Breast Cancer


Breast cancer accounts for 18% of all cancers in women, making it the foremost cause of cancer-related deaths in women. The prevalence rates for breast cancer in seven major markets (France, Germany, Italy, Spain, UK, US and Japan) grew to over 2.14 million in 2016.

Currently, routine mammography is the most commonly used method for early detection of breast cancer. Therefore, early diagnosis and treatment of breast cancer could play a monumental role in reducing deaths. Most of the drugs available for the treatment of breast cancers, target either the endocrine (estrogen; ER) or growth factor ((ErbB-1, ErbB-2 [human epidermal growth factor receptor 2; HER2], ErbB-3 and ErbB-4) receptors for therapy. However, emerging resistance to endocrine and therapies targeted against HER2 receptors has resulted in limited treatment outcome, poor prognosis and lower patient survival rates. Moreover, there are currently no targeted therapies available for the treatment of Triple-Negative Breast Cancer, which lack these receptors, and is the most aggressive type of breast cancer with a prevalence rate of 15-20%. Additionally, the cancer cells find a roundabout i.e., if one biochemical pathway for growth is blocked, it activates a different, equally effective pathway, when treated with therapies targeting the growth kinase receptors and their intermediates. This is why a radically different approach for the treatment of breast cancer is imperative, one that identifies molecular targets that are non-receptor based and directly targets the cell proliferation machinery of the cancer cells.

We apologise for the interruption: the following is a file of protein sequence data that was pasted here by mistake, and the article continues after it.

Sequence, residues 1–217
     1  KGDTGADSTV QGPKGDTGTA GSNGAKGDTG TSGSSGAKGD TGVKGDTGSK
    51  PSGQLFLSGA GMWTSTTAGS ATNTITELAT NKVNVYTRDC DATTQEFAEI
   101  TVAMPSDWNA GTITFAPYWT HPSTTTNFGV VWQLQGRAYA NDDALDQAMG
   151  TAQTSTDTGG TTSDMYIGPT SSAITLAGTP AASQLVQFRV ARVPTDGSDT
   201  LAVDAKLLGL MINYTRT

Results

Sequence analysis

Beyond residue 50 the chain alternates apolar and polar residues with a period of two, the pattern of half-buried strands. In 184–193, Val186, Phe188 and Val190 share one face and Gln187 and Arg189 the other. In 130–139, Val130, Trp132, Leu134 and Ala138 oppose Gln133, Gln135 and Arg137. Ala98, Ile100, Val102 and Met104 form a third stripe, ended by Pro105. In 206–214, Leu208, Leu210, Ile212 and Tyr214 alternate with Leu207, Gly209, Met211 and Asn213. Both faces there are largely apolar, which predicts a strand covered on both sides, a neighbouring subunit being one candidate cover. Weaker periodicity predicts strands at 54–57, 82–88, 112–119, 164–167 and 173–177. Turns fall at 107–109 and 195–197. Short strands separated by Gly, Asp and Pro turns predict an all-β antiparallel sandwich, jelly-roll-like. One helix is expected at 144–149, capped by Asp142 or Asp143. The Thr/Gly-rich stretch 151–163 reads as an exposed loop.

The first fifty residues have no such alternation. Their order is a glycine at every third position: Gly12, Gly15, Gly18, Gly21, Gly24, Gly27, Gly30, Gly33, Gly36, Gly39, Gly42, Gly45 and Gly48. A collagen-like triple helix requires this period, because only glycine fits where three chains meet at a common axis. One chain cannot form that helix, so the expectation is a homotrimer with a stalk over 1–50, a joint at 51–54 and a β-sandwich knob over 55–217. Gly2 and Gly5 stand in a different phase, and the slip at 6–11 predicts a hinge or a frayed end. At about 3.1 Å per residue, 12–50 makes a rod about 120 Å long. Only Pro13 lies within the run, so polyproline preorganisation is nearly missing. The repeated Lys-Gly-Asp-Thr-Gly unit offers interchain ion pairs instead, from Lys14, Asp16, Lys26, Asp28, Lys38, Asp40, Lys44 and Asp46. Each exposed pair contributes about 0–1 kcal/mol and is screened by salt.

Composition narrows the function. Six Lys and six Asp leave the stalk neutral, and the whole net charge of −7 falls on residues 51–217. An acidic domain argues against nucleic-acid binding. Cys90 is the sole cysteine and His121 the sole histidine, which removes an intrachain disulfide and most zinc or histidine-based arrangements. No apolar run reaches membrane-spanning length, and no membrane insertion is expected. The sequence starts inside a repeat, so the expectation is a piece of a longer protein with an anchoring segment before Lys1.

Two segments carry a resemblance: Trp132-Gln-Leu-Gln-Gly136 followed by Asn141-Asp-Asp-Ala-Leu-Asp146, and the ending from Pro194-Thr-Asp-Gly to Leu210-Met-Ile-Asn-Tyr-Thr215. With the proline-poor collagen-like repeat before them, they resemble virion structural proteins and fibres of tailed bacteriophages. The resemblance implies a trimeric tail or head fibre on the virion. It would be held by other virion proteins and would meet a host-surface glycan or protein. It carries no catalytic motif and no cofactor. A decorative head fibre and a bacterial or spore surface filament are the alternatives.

We have identified a unique biomarker for Triple Negative Breast Cancer that is:

  • Endocrine and growth receptor independent.
  • Directly involved in all stages of Cell Proliferation; including DNA replication, Mitosis & Cytokinesis.
  • A biomarker for all subtypes of breast cancer as well as other gynacological cancers.
  • A biomarker for blood cancers such as acute and chronic myeloid leukemia.

Inhibition of this biomarker selectively kills cancer cells by apoptosis. Hence, this biomarker offers a dual benefit of developing therapeutics as well as companion diagnostic kits for breast cancers.